Many of the world’s 1.8 billion Muslims fast during the month of Ramadan, abstaining from all food and drink from dawn to dusk—which, in some parts of the world, can be for up to nineteen hours. The peak of the first wave of the COVID-19 pandemic in the UK coincided with the start of Ramadan, which took place in April–May 2020. This was also during a period of a government-imposed lockdown in which social and communal activities were severely restricted. In the UK, home to approximately 3 million Muslims, many of whom fast during Ramadan, the Muslim community disproportionately suffered from the impacts of COVID-19 over multiple waves of the pandemic. While some commentators have sought to explain this disproportionate impact with reference to “Muslim cultural practices” particularly during Ramadan, others have pointed to structural factors which have result in increased risk, for example, members of the Muslim community being over-represented in higher risk and public-facing jobs, being more likely to experience poorer living conditions, and existing inequalities in access to, uptake of, and experience within healthcare services, all of which increase exposure and affect coping with infection from the SARS CoV-2 virus. In this chapter, we examine the contextual factors leading to health disparities among Muslims in the UK, and how they have played out during the COVID-19 pandemic. We then specifically consider whether ritual fasting during Ramadan contributed to inequalities. We finally assert that structural factors largely explain the disproportionate impacts on Muslims observed in the early stages of the pandemic.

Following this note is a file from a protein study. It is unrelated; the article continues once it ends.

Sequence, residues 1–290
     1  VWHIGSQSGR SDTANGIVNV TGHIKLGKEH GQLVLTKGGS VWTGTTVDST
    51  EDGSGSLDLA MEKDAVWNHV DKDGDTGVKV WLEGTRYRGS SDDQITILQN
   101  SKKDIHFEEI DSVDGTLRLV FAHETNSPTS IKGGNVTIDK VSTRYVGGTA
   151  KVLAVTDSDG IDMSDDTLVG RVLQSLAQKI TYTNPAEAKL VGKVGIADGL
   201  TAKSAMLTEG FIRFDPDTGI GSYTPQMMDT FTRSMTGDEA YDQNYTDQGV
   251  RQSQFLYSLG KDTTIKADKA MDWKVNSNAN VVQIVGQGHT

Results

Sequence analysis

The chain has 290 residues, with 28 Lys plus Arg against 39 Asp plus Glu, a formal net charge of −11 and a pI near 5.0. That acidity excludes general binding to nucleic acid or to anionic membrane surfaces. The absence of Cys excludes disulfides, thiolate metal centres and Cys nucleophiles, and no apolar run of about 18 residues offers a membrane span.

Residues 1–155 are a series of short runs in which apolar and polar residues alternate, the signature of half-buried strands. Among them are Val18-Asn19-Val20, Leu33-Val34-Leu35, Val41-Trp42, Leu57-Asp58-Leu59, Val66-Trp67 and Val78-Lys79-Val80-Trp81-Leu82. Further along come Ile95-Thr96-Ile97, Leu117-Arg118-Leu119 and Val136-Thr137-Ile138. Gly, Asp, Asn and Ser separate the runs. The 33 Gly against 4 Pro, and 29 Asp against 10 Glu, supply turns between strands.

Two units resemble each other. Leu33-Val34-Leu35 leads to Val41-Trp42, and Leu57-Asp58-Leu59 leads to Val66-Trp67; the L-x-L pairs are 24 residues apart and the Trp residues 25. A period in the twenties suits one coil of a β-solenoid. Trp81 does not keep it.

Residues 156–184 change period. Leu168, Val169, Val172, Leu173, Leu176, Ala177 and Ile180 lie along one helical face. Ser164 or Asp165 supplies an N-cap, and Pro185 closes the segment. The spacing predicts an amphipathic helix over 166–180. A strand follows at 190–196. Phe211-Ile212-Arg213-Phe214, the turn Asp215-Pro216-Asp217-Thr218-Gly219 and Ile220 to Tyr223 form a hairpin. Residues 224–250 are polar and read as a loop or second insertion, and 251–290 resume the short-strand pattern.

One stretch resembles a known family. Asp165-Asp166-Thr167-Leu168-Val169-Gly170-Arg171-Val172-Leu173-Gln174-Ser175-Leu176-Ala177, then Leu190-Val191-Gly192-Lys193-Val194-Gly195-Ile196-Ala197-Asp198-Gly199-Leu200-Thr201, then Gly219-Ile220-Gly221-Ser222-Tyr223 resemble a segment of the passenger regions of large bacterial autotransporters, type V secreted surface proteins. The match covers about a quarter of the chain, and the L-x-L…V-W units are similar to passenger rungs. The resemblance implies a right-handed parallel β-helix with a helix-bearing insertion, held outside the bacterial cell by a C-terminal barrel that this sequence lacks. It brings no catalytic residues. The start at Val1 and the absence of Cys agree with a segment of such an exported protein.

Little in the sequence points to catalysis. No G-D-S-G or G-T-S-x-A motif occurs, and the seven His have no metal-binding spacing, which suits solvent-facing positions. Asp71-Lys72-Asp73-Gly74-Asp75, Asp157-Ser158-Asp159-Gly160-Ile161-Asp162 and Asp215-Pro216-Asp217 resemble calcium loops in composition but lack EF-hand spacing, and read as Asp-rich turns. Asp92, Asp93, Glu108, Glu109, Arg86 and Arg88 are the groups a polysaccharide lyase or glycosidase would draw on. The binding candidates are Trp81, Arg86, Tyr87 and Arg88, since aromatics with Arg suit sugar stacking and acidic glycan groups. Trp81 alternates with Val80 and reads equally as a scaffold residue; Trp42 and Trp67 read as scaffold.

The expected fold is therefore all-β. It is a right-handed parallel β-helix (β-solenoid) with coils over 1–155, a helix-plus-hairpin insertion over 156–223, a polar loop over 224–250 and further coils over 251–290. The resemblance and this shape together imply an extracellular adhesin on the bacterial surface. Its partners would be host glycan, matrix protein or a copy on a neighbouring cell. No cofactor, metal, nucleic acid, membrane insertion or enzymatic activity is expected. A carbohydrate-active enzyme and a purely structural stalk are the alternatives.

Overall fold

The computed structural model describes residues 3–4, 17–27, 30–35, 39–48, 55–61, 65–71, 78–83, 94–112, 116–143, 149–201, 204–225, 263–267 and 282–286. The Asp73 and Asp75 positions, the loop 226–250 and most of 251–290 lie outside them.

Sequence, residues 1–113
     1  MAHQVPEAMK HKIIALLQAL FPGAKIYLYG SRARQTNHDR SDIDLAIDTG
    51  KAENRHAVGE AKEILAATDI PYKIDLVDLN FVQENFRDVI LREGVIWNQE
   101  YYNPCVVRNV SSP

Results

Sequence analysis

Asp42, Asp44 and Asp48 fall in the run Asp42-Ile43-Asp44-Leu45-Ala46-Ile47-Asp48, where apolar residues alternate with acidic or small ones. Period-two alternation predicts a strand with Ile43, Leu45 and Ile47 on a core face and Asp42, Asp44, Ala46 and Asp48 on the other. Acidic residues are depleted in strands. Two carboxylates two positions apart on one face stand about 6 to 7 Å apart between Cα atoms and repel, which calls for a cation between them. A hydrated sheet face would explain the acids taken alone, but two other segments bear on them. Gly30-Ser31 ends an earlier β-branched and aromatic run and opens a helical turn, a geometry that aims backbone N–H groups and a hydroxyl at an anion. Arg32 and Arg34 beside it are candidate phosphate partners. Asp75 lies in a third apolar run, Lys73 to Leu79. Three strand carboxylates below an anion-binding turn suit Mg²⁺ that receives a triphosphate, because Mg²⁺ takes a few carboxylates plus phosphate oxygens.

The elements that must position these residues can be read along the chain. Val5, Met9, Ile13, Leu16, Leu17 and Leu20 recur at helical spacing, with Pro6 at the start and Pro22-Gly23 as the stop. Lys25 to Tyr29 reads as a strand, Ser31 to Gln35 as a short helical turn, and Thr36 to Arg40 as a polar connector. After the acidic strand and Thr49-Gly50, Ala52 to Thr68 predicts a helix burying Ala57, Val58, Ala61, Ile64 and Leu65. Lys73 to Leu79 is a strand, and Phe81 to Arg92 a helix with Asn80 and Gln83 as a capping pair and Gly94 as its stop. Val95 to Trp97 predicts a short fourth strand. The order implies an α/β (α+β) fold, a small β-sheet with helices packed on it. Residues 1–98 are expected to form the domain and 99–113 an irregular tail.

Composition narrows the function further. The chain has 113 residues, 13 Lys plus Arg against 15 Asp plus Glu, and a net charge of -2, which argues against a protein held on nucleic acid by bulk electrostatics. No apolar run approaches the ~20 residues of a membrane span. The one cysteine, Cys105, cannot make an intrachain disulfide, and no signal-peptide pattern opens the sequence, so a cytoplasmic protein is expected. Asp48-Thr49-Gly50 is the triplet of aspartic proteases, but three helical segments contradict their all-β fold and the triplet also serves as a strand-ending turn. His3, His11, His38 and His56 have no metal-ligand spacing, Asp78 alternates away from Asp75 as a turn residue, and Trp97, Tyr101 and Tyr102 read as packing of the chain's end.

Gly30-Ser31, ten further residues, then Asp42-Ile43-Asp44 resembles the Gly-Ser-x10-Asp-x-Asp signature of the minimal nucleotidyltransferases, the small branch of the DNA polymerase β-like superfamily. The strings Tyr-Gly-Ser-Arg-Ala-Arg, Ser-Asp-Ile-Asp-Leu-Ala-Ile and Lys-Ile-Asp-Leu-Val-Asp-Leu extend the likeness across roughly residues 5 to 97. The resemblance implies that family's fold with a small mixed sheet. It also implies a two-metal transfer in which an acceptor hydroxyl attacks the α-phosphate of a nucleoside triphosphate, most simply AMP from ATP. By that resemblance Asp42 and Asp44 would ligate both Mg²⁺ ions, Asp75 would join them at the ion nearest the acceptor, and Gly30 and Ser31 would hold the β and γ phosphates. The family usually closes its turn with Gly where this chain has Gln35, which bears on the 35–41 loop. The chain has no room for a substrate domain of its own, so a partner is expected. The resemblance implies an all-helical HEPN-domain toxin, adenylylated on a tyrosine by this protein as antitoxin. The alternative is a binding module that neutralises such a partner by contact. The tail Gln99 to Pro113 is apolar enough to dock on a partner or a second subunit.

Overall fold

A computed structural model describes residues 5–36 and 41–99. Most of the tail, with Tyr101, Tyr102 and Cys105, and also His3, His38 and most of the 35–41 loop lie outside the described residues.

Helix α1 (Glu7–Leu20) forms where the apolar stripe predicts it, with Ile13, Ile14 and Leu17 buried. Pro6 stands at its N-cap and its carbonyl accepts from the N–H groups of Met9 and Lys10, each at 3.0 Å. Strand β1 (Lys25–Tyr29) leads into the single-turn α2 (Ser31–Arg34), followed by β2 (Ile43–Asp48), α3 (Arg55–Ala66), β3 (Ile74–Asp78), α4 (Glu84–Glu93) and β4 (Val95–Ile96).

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Mitha, K., Waqar, S., Asaria, M., Suleiman, M. & Ghouri, N. 2023, 'An examination of Ramadan fasting and COVID-19 outcomes in the UK', Islam, Muslims, and COVID-19, pp. 199-232. https://doi.org/10.1163/9789004679771_010